Aquatic ecologist Zeb Hogan travels across the globe to find and save critically endangered freshwater fish and the livelihood of people who share their habitats.
Hogan earned an undergraduate degree in ecology and evolutionary biology from the University of Arizona. He later became a visiting Fulbright student at the Environmental Risk Assessment Program at Thailand's Chiang Mai University. Returning to the United States, Hogan completed a National Science Foundation-sponsored Ph.D. in ecology at the University of California, Davis. He is currently a fellow at the University of Wisconsin and a World Wildlife Fund fellow. Hogan now leads a new National Geographic Society project to identify and protect the world's largest freshwater fishes.
Hogan believes new approaches, investment, and research offer real hope to both fish and fishing communities. In Cambodia, for example, when fishermen catch vulnerable species, Hogan buys live fish. He studies and tags them, then releases them downstream from the fishermen's nets. The practice keeps more endangered fish alive and allows scientists to gain insight on fish migration patterns, habitat use, and mortality rates—knowledge, Hogan hopes, that will lead to the creation of no-fishing zones and more sustainable management of Cambodia's fisheries.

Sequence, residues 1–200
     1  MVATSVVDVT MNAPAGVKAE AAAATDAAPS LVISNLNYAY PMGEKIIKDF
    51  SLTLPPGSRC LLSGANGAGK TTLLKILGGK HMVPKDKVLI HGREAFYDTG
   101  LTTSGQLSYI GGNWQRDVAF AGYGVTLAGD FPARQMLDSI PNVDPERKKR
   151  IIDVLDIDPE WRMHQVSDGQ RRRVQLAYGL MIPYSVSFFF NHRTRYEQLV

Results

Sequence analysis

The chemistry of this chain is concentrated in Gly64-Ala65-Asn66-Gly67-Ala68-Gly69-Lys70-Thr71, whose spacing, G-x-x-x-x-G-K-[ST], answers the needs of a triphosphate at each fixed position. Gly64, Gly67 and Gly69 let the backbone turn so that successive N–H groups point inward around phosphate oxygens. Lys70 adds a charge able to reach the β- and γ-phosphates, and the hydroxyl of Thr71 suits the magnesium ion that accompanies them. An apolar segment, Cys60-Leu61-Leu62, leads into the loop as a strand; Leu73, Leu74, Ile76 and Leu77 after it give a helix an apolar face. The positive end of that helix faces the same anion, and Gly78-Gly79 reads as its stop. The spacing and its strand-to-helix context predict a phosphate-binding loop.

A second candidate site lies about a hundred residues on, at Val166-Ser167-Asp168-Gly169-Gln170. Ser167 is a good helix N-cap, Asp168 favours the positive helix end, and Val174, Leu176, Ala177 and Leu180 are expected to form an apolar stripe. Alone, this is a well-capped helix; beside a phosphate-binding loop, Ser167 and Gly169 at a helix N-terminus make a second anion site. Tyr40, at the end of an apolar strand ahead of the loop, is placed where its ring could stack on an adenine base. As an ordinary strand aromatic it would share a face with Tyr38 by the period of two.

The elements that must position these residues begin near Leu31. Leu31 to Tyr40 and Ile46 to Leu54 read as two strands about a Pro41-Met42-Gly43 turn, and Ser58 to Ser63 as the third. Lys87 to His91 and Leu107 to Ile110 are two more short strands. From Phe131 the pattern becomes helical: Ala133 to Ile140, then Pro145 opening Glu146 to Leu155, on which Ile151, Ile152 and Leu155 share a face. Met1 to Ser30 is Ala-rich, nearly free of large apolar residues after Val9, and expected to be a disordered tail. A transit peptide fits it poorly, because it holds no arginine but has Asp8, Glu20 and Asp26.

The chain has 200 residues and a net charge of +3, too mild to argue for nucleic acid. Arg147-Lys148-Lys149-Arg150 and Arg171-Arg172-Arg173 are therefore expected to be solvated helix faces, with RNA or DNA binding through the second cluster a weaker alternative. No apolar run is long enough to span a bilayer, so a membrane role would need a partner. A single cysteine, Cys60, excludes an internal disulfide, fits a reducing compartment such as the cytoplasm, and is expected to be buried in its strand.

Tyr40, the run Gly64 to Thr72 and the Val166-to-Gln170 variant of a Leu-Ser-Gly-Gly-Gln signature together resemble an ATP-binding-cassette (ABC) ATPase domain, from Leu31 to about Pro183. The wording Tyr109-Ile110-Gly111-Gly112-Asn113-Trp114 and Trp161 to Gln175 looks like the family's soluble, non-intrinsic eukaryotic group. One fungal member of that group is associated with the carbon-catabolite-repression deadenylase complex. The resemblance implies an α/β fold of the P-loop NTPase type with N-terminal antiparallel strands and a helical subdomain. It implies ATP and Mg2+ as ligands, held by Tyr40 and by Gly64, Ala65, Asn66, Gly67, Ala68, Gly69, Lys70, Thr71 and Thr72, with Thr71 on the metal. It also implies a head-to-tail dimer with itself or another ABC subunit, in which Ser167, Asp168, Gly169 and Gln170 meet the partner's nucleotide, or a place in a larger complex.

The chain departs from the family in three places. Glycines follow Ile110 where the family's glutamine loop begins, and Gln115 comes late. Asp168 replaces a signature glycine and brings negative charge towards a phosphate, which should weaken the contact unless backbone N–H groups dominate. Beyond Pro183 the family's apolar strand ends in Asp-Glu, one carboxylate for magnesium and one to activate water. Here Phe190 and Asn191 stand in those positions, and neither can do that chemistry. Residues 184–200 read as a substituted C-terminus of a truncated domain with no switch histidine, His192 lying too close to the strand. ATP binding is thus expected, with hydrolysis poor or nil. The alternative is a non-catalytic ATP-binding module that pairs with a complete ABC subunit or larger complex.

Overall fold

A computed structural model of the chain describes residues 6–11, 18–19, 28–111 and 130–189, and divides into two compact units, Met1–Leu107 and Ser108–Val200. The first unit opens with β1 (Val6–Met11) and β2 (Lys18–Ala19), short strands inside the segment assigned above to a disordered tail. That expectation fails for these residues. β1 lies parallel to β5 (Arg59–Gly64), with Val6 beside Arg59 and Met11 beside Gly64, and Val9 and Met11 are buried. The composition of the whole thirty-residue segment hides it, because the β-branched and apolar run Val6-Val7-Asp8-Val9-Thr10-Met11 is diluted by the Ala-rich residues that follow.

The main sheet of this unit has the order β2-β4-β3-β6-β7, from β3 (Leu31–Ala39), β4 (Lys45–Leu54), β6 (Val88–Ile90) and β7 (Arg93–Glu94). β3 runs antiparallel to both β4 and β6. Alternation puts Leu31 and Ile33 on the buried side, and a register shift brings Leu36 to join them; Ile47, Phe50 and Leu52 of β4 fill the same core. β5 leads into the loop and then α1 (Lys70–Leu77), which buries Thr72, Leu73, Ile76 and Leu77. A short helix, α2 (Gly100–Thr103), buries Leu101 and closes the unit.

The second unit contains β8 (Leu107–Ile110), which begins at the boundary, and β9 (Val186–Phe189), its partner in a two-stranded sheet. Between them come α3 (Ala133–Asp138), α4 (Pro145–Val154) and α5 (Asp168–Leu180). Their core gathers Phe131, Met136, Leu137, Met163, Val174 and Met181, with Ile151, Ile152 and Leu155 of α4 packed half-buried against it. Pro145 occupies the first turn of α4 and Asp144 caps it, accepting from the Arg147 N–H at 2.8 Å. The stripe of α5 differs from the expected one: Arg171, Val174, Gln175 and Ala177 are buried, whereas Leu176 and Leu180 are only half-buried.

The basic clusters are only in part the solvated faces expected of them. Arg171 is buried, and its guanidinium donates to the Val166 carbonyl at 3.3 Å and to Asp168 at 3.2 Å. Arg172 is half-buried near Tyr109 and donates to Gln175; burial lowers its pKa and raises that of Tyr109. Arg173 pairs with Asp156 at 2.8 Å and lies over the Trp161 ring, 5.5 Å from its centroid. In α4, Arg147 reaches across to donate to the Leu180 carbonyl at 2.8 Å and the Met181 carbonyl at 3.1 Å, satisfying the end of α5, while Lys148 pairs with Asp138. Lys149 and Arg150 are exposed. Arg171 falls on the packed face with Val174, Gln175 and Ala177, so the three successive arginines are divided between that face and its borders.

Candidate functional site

But the fresh thinking doesn't stop there. Hogan is part of a science team working on a new project in an area in Mongolia famed for its giant salmon. With the help of international donors, local residents are establishing a concession system through which an ecotourism company pays to run catch-and-release fly-fishing trips. No fish are harvested, and local people are given an economic incentive for conserving the resource.